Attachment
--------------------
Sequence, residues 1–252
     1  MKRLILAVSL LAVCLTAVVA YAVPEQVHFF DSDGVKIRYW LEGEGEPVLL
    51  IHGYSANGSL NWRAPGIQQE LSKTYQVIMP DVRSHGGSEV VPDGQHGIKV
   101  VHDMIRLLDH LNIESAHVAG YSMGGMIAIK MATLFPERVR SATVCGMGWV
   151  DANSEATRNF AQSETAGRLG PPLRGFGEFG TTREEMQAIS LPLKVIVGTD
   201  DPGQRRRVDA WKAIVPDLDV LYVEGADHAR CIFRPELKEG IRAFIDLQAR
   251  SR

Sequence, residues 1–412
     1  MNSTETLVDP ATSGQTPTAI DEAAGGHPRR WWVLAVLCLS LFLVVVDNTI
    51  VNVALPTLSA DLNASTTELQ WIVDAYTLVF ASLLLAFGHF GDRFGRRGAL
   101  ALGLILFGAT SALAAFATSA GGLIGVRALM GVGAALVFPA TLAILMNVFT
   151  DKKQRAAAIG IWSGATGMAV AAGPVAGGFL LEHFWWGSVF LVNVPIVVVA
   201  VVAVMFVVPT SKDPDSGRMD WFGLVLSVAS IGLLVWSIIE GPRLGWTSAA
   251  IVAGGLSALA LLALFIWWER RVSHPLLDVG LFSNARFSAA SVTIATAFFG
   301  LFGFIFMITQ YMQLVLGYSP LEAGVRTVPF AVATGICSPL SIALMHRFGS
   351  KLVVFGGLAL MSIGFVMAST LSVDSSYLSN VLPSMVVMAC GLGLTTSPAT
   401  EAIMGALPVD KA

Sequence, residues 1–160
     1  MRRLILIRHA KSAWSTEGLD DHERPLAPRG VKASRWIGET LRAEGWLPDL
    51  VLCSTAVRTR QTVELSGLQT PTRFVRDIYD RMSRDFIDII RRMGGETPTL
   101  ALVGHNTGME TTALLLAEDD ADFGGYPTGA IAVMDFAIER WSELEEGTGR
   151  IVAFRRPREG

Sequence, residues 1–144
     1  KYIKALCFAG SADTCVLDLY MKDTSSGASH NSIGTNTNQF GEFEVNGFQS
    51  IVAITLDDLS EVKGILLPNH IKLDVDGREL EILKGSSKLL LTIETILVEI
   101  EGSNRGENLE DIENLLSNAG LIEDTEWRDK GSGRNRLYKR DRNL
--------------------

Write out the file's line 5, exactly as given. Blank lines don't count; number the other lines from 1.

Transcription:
   151  DANSEATRNF AQSETAGRLG PPLRGFGEFG TTREEMQAIS LPLKVIVGTD